Monday, June 13, 2011

The Search for a Sonata

The past year or so I've played/learned/revisited/picked up the following pieces:

- Chopin Piano Trio
- Chopin Polonaise Op. 53
- Beethoven WoO 32 Variations
- Mozart Sonata K 330
- Bach Toccata in D minor (BWV 911)
- a Scarlatti sonata
- Shostakovich 2nd concerto
- Rachmaninoff Etude 39/6
- Paganini Liszt Etude #3, #4

So I'm missing a sonata that qualifies as a relatively big work.  I'm planning on at some time down the road taking one of those ABRSM exams, and I'm thinking I might as well use this sonata to fulfill one of those requirements.  So technically, it has to be a piece that is relatively advanced.

I've had my mind se ton Prokofiev #7 for a while now, but tonight I wavered a little; and listened to a few other sonatas:

- Shostakovich #1 and #2.
    I like #2 better, and I'm sure I'll grow to love both of these sonatas, at this moment I can't say I love them.  There also don't have a clear melody or motif that an audience can readily identify.
- Barber Sonata
   I thought I liked this, but I guess I didn't like the 1st movement.  The 2nd movement is awesome.  Anyway, since learning any one of these big sonatas takes a lot of effort, I don't want to play something that has an entire movement that I might struggle to fall in love with.
- Alkan Sonata, Solo Piano Concerto
  Great works--but too difficult.  I really like them, just that they're take too long to learn.  Especially the solo piano concerto--outstanding.  Also, I'll probably injure myself before I learn these pieces.

So Prokofiev #7 it is!  I like #6 quite a bit too, especially the last movement.  But while I love "bangy" music, #6 is a little too bangy for me at the moment--I want to develop my musicianship some more, and I feel #7 has more room for me to shape and phrase musical ideas and lines in the context of atonal and slightly bangy music, whereas #6 has more of a bangy element (at least the 1st movement).

Saturday, June 4, 2011

Left Hand 4th Finger

Most of us don't have strong 4th fingers.  That's natural.  Hanon exercises purport to train strength in all fingers.  But since most repertoire don't require a particularly strong 4th finger, your 4th finger simply isn't gonna be as strong as the others, weaker than perhaps even your 5th finger, which you can leverage for more strength by lifting your arm or twisting your wrist a little.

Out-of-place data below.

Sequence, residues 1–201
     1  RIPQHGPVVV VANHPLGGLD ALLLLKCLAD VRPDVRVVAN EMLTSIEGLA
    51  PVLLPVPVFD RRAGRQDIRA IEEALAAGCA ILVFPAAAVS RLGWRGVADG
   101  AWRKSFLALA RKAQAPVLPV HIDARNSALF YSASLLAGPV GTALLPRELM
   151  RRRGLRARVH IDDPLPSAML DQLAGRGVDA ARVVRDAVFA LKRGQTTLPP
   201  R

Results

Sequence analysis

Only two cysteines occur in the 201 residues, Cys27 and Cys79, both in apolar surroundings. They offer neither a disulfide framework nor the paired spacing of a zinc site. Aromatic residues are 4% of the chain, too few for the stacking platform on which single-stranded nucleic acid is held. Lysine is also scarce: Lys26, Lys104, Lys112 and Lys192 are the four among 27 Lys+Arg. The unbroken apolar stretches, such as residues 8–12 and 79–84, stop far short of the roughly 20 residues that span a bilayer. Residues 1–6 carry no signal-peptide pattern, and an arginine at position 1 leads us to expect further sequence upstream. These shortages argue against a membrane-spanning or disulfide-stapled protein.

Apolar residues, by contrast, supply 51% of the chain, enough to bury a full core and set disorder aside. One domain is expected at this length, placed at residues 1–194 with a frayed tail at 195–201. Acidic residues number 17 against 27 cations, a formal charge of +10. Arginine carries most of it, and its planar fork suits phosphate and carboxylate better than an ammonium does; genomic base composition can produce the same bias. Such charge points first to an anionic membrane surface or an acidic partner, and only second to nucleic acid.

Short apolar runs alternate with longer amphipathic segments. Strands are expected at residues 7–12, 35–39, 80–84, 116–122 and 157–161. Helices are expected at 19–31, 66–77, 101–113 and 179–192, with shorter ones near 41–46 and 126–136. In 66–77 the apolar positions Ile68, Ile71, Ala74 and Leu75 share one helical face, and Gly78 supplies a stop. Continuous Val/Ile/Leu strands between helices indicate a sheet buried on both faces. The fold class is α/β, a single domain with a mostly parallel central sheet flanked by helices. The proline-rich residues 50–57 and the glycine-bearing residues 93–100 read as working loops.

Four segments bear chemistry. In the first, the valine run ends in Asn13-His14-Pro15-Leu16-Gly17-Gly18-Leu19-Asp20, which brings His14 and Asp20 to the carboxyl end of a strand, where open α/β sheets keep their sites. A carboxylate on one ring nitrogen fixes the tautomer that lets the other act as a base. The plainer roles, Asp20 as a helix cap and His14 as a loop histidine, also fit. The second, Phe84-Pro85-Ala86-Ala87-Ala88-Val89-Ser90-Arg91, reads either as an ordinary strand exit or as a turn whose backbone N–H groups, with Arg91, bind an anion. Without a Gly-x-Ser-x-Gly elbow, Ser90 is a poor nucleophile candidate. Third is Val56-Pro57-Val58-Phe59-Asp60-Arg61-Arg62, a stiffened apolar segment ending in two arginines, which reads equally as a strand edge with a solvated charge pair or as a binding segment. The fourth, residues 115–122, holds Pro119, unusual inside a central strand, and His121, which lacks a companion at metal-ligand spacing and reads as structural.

So, many pianist train to strengthen their 4th finger.  Schumann is reputed to have done this--and end up injuring himself in the process.  At the end of the day, the 4th finger does get involved a lot in the right hand, but not so in the left hand.  And I have realized in the last little while that my LH 4th finger is almost unacceptably weak.  I haven't practiced scales in a long time, and I noticed that I frequently miss notes when my LH 4th finger is involved.  So lately I've been playing B major scale to get it back to shape a little.

I'm not worry about 4th finger playing scales--I used to able to do it well, so after some practice I'm sure it'll be back.  But playing double 3rds isn't something I've ever been very good at, and the 4th finger prominently figures in that.  I don't think I practiced many double 3rd scales--mostly chromatic 3rds for some reason.  So that's probably another reason why my 4th finger in both hands aren't as adroit as they can be.

So maybe I should practice some double 3rd scales.  To drive this point home, Chopin's 25/6 is an etude I have such trouble with.

If I have trouble in my RH, it goes without saying my LH double 3rds are pretty much hopeless.  The good news is that they truly rarely come up, and when they do, it's only usually for a stretch of 3 double thirds, which I can deal with.

The bad news is... I'm learning Stravinsky's own transcription of Petrushka, and in the third movement (Shrovetide), there is the horror of measures upon measure of double thirds, the LH:

Petrushka, Shrovetide Fair, Measures 43-44
Oh, that is not something my LH can do.

Lots and lots of practicing will be required to get this up to speed.  Both in my right hand and my left hand.

A Note on my Viola practicing:

Not as much progress as I would have liked.  But since this is a post about my LH 4th finger, I'll just say that I am also having trouble with playing a full tone apart on the viola, when it's a 2-3 fingering (i.e. 3-4 finger).  It's an almost analogous situation on the piano--weak 4th finger.  So in a way, it's good that I'm doing these 4th finger exercises in different ways, because it's useful both on the piano and the viola.